The four main topic areas of Rossi’s documents are purported to be:

  1. Opportunities for PBA members to serve the Parkrose community in a leadership capacity;
  2. The Parkrose 2011 Centennial and the organization’s involvement in community events;
  3. The general goals and objectives of the business association; and,
  4. That the PBA may be out of compliance with its own bylaws.


Rossi’s first complaint apparently could be summarized by saying that the PBA’s Executive Board and Board of Directors have had little turnover for many years; new faces haven’t been accepted into the organization’s leadership.

In the next section, Rossi is said to state his disappointment that the PBA wasn’t an “active participant” in the 2011 Parkrose Centennial events. He further allegedly asserted that the “PBA leadership was very difficult to work with, and indifferent on planning or doing nearly anything to help celebrate” the area’s Centennial. Rossi also allegedly expressed his disappointment that the organization’s  “Karl F. Lind Award” wasn’t presented to the Portland Immigrant Statue project’s Marketing Director, and PBA Board member, Amelia Salvador – apparently questioning the award committee’s procedures.

Rossi decried the lack of civic events produced in recent years by the PBA. Further, he allegedly asked to be told the goals of the “PBA directors for PBA moving forward”.

Last summer, Judy Kennedy asked her employer, Pacific Northwest Federal Credit Union, to sponsor a Rossi Farm Movie Night to benefit Parkrose Outdoor School organized by Joe Rossi.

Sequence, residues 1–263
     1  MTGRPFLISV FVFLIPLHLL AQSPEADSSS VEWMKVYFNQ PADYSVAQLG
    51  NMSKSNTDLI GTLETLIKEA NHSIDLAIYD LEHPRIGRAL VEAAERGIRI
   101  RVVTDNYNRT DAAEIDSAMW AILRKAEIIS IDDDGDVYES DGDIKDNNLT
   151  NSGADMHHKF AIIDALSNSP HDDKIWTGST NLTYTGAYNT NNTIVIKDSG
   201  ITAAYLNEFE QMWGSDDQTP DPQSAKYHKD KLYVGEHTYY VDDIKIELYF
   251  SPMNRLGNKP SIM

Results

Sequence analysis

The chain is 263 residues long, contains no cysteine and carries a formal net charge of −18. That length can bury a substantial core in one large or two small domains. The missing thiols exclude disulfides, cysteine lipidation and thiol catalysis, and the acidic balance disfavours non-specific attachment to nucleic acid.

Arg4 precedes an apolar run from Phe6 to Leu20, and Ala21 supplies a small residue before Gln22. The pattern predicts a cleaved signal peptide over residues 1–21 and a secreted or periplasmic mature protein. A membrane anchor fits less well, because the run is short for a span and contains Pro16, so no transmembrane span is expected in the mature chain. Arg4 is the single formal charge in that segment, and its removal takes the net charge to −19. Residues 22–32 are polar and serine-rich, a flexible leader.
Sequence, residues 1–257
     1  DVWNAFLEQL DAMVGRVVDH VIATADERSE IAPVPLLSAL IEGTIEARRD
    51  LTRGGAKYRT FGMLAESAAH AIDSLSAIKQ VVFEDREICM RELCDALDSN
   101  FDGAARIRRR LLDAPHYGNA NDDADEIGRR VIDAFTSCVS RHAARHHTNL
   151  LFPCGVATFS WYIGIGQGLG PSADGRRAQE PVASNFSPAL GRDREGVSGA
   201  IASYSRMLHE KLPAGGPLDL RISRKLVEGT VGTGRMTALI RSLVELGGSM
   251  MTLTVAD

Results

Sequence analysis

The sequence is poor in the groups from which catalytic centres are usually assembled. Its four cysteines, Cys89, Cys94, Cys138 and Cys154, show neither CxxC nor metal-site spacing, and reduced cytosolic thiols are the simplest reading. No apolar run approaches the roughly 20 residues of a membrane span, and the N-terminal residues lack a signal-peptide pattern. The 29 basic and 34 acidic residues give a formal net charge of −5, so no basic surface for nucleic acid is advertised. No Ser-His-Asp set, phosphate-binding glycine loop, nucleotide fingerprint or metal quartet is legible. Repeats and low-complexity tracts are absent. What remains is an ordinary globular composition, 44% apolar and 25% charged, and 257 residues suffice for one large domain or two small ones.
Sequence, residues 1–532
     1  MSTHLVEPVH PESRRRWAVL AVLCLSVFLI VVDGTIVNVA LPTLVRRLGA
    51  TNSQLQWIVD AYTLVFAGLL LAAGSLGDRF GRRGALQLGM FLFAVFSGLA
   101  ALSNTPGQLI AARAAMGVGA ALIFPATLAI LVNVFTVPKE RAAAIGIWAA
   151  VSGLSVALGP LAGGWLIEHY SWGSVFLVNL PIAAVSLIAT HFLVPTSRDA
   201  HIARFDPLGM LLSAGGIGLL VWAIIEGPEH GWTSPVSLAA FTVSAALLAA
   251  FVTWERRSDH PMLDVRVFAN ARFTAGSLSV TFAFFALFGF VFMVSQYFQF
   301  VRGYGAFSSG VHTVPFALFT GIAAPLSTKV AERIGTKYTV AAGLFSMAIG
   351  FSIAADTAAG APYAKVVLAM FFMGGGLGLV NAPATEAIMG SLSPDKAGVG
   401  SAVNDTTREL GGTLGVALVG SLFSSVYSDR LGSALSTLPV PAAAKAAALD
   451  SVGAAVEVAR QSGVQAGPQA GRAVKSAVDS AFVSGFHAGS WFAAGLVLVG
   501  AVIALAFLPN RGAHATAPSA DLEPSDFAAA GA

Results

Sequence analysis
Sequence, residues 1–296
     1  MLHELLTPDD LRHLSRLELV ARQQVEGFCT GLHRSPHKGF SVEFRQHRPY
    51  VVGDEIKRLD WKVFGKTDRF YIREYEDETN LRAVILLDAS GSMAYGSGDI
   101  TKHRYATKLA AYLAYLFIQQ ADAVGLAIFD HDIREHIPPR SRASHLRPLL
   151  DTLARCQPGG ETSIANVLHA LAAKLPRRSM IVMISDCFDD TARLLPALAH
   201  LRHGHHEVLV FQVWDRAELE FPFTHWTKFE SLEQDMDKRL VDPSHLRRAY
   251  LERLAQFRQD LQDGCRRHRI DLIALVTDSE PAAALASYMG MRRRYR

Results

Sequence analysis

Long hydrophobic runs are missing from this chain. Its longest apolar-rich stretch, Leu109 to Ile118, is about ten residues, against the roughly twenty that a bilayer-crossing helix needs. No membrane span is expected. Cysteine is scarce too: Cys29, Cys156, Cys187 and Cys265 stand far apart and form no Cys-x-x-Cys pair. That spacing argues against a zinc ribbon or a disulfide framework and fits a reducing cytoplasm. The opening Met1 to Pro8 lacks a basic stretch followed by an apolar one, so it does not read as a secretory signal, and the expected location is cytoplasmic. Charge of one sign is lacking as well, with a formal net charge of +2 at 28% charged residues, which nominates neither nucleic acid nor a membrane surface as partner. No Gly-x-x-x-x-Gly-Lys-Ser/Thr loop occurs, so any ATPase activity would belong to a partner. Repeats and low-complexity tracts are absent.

Document’s information leaked
In a telephone interview with Rossi on the afternoon of March 8 and again on March 9, Rossi talked about the missive he had delivered to the PBA with East Portland News.

“I drafted a document and presented it to one person,” Rossi said. “It got copied, and then a copy got out to the Mid County Memo. There was nothing I wrote in it that wasn’t true.”

Summarizing the missive, Rossi stated, “My disagreement was that I wanted PBA to be a more inclusive group. This means having two-year terms for officers [and directors], and having them off [the organization’s board] for a year. [Board member elections] would also have an open nominating process.”

Instead of enforcing term limits on volunteer PBA Directors, Rossi noted, he believed the organization was about to abolish term limits.

Rossi continued, “In my heart-of-hearts, it was meant to engage the PBA in an internal discussion that would make the group more inclusive. It was written in the provocative way – to provoke a discussion.”

Asked about rumors that Peter Diamond, an attorney with the Warren Allen law firm, had filed suit on his behalf, Rossi responded, “There is no lawsuit. I’ve withdrawn from the debate. There is nothing I really want – other than to have [the PBA directors] address issues to help make the PBA better.”